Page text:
Data centers often employ a common supplemental fire protection system—a clean agent—that releases a gaseous substance that captures the oxygen from the room, and therefore, extinguishes the fire. The gas then turns into a powder, leaving a dust residue behind that is easy to clean up and doesn't damage the equipment.

Another water-alternative is a fire protection solution called ionized mist, which is made of redefined ionized water that isn't conductive. Released when room temperature hits 165°F, the mist sprays the computer room and cools the air by absorbing its heat.

Although data centers are quick to adapt to evolving equipment technologies, their owners typically are cautious when employing new MEP systems like these for fear that they will affect reliability. Understandably so, this resistance has also impacted the cycle of technology yesterday and today.

Sustainability and energy performance

The sustainability bug has swept the nation in the last decade, with the U.S. Green Building Council's LEED rating system and environmentally safe products pushing the envelope. Data centers have been slow to catch on, as owners may be willing to sacrifice cost for Mother Earth, but never reliability.

Still, energy has become one of the top three costs of operating a data center, just behind personnel and software expenses. Designers and owners alike recognize that the more energy efficient a facility is, the less heat it will radiate. These challenges have initiated some interest in specifying sustainable elements, but still leave much to be desired. Even in this category, history repeats itself.

Remember the days of direct current (DC) power? Years ago, telecom companies outfitted their data centers with DC voltage, or battery power. A more efficient way of powering computers, DC voltage offers exactly what a computer needs, requiring no alternating current (AC) to DC conversion, and therefore, no wasted energy.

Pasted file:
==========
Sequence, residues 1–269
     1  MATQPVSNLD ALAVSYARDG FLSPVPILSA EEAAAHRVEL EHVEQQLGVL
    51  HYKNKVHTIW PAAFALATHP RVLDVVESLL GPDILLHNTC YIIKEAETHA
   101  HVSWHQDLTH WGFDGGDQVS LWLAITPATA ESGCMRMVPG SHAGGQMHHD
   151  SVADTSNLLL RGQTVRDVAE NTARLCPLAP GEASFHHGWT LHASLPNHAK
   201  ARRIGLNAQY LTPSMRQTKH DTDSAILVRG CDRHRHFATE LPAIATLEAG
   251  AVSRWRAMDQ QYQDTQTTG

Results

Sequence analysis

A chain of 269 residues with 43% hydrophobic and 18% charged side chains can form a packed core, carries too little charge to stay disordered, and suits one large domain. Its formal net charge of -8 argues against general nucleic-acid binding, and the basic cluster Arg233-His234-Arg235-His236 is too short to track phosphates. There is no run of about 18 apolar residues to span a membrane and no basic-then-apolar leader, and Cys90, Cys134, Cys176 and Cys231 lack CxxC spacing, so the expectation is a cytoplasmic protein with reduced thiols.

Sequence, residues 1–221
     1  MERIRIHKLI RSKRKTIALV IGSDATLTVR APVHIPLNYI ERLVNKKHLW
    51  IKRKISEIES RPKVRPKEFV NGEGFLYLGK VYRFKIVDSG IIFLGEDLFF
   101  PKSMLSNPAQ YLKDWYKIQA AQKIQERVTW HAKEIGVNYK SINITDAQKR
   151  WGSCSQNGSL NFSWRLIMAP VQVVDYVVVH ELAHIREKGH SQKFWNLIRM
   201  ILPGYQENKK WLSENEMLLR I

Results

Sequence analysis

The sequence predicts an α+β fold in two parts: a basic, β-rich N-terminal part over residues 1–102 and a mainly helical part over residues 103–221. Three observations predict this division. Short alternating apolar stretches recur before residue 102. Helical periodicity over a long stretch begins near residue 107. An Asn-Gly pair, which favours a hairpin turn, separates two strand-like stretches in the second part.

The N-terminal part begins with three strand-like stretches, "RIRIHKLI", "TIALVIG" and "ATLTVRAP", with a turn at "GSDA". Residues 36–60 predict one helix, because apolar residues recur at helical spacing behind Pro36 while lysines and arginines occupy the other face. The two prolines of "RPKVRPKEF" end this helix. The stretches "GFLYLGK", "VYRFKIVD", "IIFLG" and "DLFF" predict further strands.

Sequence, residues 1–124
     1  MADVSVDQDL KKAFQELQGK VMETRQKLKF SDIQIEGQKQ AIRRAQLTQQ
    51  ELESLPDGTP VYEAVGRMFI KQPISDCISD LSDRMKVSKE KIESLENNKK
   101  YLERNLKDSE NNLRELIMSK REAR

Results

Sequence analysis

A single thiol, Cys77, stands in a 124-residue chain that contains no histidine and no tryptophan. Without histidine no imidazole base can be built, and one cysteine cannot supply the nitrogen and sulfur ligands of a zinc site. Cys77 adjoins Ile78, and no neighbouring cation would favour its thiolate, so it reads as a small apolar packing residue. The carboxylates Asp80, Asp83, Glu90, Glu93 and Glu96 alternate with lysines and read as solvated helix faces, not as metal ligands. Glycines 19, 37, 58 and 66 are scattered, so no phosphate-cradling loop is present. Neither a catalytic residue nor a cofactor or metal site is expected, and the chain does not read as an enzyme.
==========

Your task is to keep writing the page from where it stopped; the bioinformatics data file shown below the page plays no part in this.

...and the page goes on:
But, the high costs and safety issues involved with DC power distribution led telecom data centers away from DC power in the 1980s and settled data centers on AC voltage, which is safer and cheaper, but also inefficient. AC power is brought in at a higher voltage, rectified to DC power and transferred down to the needed amount by each computer, generating and exhausting a lot of heat in between. (NOTE: 35% to 40% of power is lost in its direct delivery to the computer; another 30% to 40% is lost inside the computer, leaving only about 25% of the power to be used by chips for computations. Using DC power will eliminate the first 35% to 45%, and specifying new, low power/stacked chips will eliminate the second 30% to 40% loss.)

Now DC power is back. Computer and server manufacturers are again offering it as an option for their equipment, promoting sustainability without sacrificing reliability.

Other efforts toward creating green data centers include: free cooling, which utilizes natural outdoor air below 35°F to condition the facility's interior temperature; perfecting hot aisle/cold aisle efficiency to achieve larger temperature differences between aisles; and designing MEP equipment to be more energy efficient than typical operation which runs at 10% to 40% of capacity, with efficiencies reaching 80% to 90% capacity at best.

Energy monitoring is one way to increase efficiency (and reliability, too). Traditionally, data centers that were interested in improving energy efficiency hired engineers to examine individual systems within their facility, performing analysis on each one. Today, software is being developed that allows a single database to monitor all systems (i.e. chilled water, MEP and electrical systems, fire protection, etc.), analyzing their functions and abilities as parts of a larger whole.

Commissioning: the first and final steps

Providing peace of mind that buildings and their systems will operate as intended throughout their lifecycle, commissioning can help any data center reduce its risk of unplanned downtime.

Defined by ASHRAE Guideline 1-1996, commissioning is “the process of ensuring that systems are designed, installed, functionally tested and capable of being operated and maintained to perform in conformity with the design intent.”

Just over a decade ago, a good percentage of data center projects were commissioned, but after schedules became compressed, competition tightened and the cost of commissioning made the process a luxury for many owners. Data center systems began to fail because they weren't tested and human error rose as operators weren't properly trained.

Today, commissioning is back and it's better than ever, with the majority of data center owners requesting 100% system functional testing. Previously, sampling was used to statistically verify component and system performance, but some equipment would still fall through the cracks. Full commissioning, however, demonstrates the importance of simulating all operating and failure modes possible before the facility is ready for operation.